for himself: the wit, and not the goodness of the man is commended; which, in the language and sense of the Jews, may be thus expressed F16:

``because a man, (עושה טובה לעצמו) , "does good" for himself with "mammon" which is not his own.''
Sources:

James R. Edwards, The Gospel According to Luke, The Pillar NT Commentary, Grand Rapids, MI and Cambridge, UK: Eerdmans, 2015.

Mikeal C. Parsons, Luke, Paideia Commentary on the NT, Grand Rapids, MI: Baker Academic, 2015.

Other articles may be found here: https://scholar.google.com/scholar?hl=en&as_sdt=0%2C34&q=luke+16+steward&btnG=





Saturday, July 07, 2018

Notes on Acts 11:26

From the NIDNTT:

NT 1. In the NT chrēmatizō has 2 distinct senses. It may be connected with chrēsmos, oracle, and with chrēmata, business. (a) In the infancy stories of Jesus, it is used of the instruction of people by revelations. It is usually in the pass., and the recipient is regarded as an instrument of God. Thus the wise men are warned in a dream not to return to Herod (Matt. 2:12). Joseph is likewise warned not to go to Judea where Archelaus ruled and so withdraws to Galilee (2:22). It was "revealed" to Simeon by the Holy Spirit that he would not see death before he had seen the Messiah (Lk. 2:26).

In a similar way, in the account of the opening of the church to the Gentiles, an angel "told" Cornelius to send for Peter to come to his house in order to speak to him (Acts 10:22). Heb. 11:7 speaks of how Noah responded "when warned about things not yet seen," and 12:25 encourages professing Christians not to ignore any message from God, for the Israelites did not escape a less serious message from Moses, "who warned them on earth" (cf. also the use of this vb. for the warning given to Moses in 8:5).

(b) In two instances chrēmatizō means to appear as something, bear a name. Thus in Antioch the disciples "were called Christians" for the first time (Acts 11:26). In Rom. 7:3, a woman "is called an adulteress" if she lives with another man while her husband is still alive.

In one of his big Acts commentaries, Craig Keener maintains that ancient Gentiles (prominent Romans in Antioch) scoffed at early followers of Jesus by deeming them "partisans of Christos," a sham king of the Jews: that seems to be how Keener understands Acts 11:26. I.e., he believes it is saying that "Christians" initially could have been a derisive term.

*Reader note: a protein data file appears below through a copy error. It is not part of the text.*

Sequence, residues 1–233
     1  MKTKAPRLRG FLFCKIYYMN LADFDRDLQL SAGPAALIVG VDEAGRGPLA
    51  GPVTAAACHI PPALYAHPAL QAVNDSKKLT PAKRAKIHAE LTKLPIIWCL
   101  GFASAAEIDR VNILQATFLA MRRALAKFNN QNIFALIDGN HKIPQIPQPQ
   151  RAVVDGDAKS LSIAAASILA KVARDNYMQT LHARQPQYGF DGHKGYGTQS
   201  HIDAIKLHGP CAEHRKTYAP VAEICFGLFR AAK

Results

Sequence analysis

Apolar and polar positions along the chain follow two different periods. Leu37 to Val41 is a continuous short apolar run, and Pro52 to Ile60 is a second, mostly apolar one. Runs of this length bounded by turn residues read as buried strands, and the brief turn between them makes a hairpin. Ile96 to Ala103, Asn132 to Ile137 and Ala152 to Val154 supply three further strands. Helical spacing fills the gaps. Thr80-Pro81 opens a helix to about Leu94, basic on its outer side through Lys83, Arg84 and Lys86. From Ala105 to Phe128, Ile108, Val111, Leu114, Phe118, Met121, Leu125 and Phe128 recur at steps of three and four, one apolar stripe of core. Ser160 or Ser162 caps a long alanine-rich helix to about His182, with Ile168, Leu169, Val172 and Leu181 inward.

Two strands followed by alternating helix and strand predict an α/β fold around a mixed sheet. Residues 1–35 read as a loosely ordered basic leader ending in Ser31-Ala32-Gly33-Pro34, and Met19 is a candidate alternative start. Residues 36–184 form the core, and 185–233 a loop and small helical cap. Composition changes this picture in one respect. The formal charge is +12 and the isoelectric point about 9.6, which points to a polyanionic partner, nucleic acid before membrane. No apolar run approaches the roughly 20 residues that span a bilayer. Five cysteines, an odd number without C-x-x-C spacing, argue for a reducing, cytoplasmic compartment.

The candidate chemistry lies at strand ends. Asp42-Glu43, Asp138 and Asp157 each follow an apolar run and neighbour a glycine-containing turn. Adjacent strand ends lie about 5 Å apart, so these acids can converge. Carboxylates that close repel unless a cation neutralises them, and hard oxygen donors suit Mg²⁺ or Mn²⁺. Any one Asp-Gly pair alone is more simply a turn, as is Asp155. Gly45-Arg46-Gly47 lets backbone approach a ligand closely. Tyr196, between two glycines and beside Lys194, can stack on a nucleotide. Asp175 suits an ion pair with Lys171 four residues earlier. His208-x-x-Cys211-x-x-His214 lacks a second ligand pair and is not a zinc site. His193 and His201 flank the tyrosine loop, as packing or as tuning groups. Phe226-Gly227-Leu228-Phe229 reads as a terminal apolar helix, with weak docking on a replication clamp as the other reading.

See https://www.billmounce.com/greek-dictionary/chrematizo

Rogers and Rogers: Inf. as subject. χρηματίσαι aor. act. inf. χρηματίζω to bear a name, to be called, to be named, to bear a title (Jos., JW, 2:488; BAGD; TWNT). Inf. as subject. Χριστιανός Christian, adherents of the Anointed One (Barrett; EDNT; TDNT; Haenchen; BC, 5:383-86).

Compare Acts 26:28; 1 Peter 4:16.

Wednesday, July 04, 2018

1 John 2:20--All of YOU Have Knowledge?

This blog entry focuses on ὑμεῖς in 1 John 2:20.

Greek: καὶ ὑμεῖς χρίσμα ἔχετε ἀπὸ τοῦ ἁγίου· οἴδατε πάντες (WH 1881)

I.H. Marshall applies these words to "the true members [of the ecclesia] to whom John is writing." They are starkly contrasted with those who go out from the community (see 1 John 2:19). Due to their "spiritual insight," emanating from the sacred anointing (χρίσμα), these early Christians had the ability to distinguish truth from falsity. Because of the distinctions John makes here, Marshall thinks καὶ ὑμεῖς possibly ought to be rendered "And you" rather than "But you" as numerous translations do (see NIV, KJV, ESV). NWT 2013: "And you have an anointing from the holy one . . ."

Marshall appeals to BDF 442 and Schnackenburg to support the notion that καὶ can have adversative force ("and yet"). Robert W. Yarbrough (Baker Exegetical Series) concedes that John uses καὶ adversatively in 2:20; however, he thinks the conjunction appropriately ought to be rendered "but" to mark the contrast between those who leave the community and those who remain--the readers of John's missive. Furthermore, Yarbrough suggests:

The contrast is probably underscored by the second word of the verse: ὑμεῖς (hymeis, you [plural]). This often superfluous but in this case emphatic[13] pronoun has the effect of heightening the distinction between those who departed and those who remain.